Monday, November 26, 2012

What happened to the thanks in Thanksgiving?

Before we all indulge in what has become culinary gluttony, we should spend a little time reflecting on what we have in our lives to be thankful for. Four hundred or so years ago, people were just trying to survive, and they sat down with several Native Americans to have a mostly meager dinner of corn, squash, wild turkey, venison and flat bread. And then they prayed in thanks, to their native friends for showing them how to grow most of what was on their table.

How far we’ve come and how far we’ve lost sight of gratitude and thanks giving. If I see one more ad about Black Friday, I’m going to scream. This blatant materialism is shameful. It has no part in the meaning of Thanksgiving. Crass commercialism is unfortunately invading most all of our holidays. I think I know why.
Corporate America drives and oils the consumer machine, of which we are the end part.
I know our society functions that way, but there is a time and place for it.

It’s difficult to be thankful when you’re disabled, but we must be. Never mind the consumer frenzy, never mind the stomach fill to bursting, remember what you do have.
Look around, see not things, see family love, appreciate the trees and gardens, the mountains and the power of the sea. Look up, notice the amazing sky, the sparkling stars at night. Appreciate your part in it. Even though you may not dance anymore, you still have love in your life.

Have gratitude your situation is not worse than it is. You are reading or hearing this article and can read or hear more, in any genre, and that’s good. If you can move your limbs, be thankful. If you are part of a support group, tell them thank you.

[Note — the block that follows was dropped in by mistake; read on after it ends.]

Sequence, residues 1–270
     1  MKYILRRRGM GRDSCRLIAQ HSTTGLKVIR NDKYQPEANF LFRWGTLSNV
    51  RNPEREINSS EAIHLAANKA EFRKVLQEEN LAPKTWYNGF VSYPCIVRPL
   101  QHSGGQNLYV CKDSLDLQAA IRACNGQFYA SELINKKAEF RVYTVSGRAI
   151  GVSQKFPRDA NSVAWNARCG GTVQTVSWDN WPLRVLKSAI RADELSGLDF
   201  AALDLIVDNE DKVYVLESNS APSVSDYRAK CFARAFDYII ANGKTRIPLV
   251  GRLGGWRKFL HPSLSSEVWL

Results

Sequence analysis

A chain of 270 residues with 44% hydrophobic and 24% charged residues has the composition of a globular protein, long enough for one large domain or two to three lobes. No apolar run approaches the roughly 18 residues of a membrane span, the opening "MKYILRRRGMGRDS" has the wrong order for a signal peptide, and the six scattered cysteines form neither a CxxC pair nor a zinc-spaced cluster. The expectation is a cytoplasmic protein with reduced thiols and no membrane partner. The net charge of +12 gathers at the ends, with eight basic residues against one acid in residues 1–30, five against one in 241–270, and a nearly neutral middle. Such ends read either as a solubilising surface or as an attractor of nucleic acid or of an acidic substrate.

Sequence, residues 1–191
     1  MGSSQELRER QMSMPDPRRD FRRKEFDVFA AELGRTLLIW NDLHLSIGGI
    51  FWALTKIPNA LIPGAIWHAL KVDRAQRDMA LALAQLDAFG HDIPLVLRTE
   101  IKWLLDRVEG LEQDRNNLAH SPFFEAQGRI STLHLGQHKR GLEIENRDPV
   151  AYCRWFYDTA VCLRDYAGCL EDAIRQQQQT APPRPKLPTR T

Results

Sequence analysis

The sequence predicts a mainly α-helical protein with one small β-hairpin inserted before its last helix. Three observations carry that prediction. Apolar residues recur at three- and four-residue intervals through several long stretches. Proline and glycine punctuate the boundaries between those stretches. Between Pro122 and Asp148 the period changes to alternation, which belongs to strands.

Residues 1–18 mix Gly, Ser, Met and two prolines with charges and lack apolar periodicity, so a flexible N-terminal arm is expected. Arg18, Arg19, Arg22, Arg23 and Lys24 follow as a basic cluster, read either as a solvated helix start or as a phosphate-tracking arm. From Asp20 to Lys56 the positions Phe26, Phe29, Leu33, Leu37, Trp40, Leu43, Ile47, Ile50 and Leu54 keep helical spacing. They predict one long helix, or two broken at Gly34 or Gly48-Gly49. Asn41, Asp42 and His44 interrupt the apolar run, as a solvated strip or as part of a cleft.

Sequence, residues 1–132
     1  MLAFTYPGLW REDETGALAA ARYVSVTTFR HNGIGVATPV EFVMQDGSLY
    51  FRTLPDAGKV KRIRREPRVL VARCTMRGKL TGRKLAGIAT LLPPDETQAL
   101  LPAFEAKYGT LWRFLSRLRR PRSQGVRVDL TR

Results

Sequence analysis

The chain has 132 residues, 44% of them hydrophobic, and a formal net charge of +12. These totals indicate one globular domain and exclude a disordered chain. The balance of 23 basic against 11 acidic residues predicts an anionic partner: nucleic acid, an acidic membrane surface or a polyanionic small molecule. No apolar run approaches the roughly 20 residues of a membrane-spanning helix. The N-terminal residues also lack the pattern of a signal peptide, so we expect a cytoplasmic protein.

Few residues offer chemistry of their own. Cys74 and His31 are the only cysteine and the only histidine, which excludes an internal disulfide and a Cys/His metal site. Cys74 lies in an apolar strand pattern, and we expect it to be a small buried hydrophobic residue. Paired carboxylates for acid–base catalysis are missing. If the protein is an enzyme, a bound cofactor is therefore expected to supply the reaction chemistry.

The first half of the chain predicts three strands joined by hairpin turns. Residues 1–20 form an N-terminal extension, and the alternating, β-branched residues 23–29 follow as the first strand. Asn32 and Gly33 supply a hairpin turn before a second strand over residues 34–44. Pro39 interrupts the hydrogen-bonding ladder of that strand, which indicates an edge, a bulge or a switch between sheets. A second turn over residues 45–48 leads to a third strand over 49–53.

Thanksgiving is not about busting your seams, or running to the superstore or mall, it’s about thanks, appreciation, gratitude, and what that means for you, and in you.  

Suburban Chapter

poem from my old house on Windsor Ave.:

                     Suburban Chapter
                Municipal street maintenance boys
                cut the huge dying cedar out front
                as if it was so much refuse.
                From their boom buckets
                they jolly the day away
                as I watch a friend
                carried away by loud coroners.

                Strangled by a sloppy gas leak
                its choked roots succumbed under asphalt
                like a coal miner without legs.
                Malfeasance on an elder.

                Earlier in the week  up the nice street,
                under a burgeoning banana tree,
                a man’s body was dumped,
                tossed in the azaleas like a used six pack,
                his dress was torn.

                looping feline whines fissure the dark
                forcing my audience,
                boasting pathetic territory.
                Not far away, slipping from buses
                come the desperate, who sometimes
                accost gold watched men
                returning home
                as they park their maroon cars.
                Further east
                clapboard slung bungalows
                weather eighty-five years
                of particulate haze
                only to be pelted by semi-automatic bullets.
                Vertical irons manacle homes,
                unnoticed as seeds on a bun.

                But, angry old women still make their way
                to market,
                people walk their dogs
                putting fear aside,
                battling far worse odds on the freeway
                than the caustic curb outside.